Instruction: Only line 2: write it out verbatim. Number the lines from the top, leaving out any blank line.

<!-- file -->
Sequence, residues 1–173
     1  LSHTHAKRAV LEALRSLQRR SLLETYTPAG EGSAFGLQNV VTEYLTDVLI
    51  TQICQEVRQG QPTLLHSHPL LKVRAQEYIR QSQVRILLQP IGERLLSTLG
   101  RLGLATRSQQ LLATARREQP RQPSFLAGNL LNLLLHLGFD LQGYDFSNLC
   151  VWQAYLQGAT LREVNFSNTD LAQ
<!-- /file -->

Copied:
     1  LSHTHAKRAV LEALRSLQRR SLLETYTPAG EGSAFGLQNV VTEYLTDVLI